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Your BYOD security policy should include specific measures to mitigate business data risks. Start with basic steps:
- Encrypt business data stored on personal devices with strong encryption. Full device encryption is best, but if that isn't feasible, all business data should be stored in encrypted folders on the device.
- Routinely update hardware and apps to the latest versions to mitigate the risk of someone exploiting a known vulnerability.
- Make sure that devices are registered before they connect to the company network. This allows network administrators to detect unauthorized devices on the network.
- Authenticate devices using Secure Sockets Layer certificates before they are allowed to access network resources.
Consider whether your business needs additional controls from its BYOD security policy. IT might need the ability to remotely wipe a personal device if it's lost or stolen, for example. If that's the case, the employee should authorize this measure during the device registration process. Some mobile device management (MDM) systems provide sandboxes for corporate data that can be remotely wiped without erasing the device's personal contents.
If you don't want employees to inadvertently agree to share corporate data downloaded to their endpoint devices, consider an MDM system that supports app blacklisting.
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The levels of access granted to users should be based on their roles and responsibilities in the organization. IT can partly enforce access control policies with information from a centralized directory, such as Active Directory. Many organizations already use such directories for access control, and some MDM applications can use them as well.
Keep in mind government regulations, licensing requirements and industry standards that apply to your business. Health care providers, for example, must comply with the Health Insurance Portability and Accountability Act, which requires measures to protect patient data. Encrypting sensitive data at rest and data in motion is essential.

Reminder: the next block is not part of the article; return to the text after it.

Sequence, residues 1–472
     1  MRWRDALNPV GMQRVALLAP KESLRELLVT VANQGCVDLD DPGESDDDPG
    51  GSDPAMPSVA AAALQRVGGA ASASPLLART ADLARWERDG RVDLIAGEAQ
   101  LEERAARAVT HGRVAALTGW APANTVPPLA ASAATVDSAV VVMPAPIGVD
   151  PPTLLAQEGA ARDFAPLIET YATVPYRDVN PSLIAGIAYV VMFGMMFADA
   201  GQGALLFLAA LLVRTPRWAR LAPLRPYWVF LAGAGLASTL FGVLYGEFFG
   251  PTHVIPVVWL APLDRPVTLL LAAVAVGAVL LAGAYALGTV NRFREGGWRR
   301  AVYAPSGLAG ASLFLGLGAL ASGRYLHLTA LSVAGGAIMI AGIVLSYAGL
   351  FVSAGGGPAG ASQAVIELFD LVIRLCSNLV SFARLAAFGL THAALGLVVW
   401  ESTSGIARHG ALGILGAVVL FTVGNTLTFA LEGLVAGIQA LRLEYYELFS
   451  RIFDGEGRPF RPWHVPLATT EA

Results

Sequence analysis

Financial services industries must protect confidential customer information under the Gramm-Leach-Bliley Act, but they and other public companies are also required to protect the integrity of financial reporting data under the Sarbanes-Oxley Act. Be sure to consider access controls -- using both device-based methods and network services -- to comply with data protection requirements. Technical controls are only part of BYOD security best practices. Enterprises should train employees in security awareness.
For average users, security training doesn't have to be an in-depth technical endeavor. The goal is to educate them about the ways attackers use technical and social engineering techniques to undermine security measures.
In addition, security awareness training should include best practices for working with sensitive information on personal devices. This training can include advising employees to take these measures:
- Report lost or stolen devices that have been used to access the business network.
- Minimize the use of personal email accounts to transmit business information.
- Keep device operating systems up to date.
- Consider the access rights given to applications. This is especially relevant for free apps. Ask how the app developers fund the development of their products. You might be agreeing to share substantial amounts of personal and possibly corporate data.
In addition to protecting personal devices and any sensitive data stored on them, a BYOD security policy should also address data in motion.
About the Author
Dan Sullivan has a master's degree in computer science, and is an author, systems architect and consultant with more than 20 years of IT experience. He has had engagements in advanced analytics, systems architecture, database design, enterprise security and business intelligence.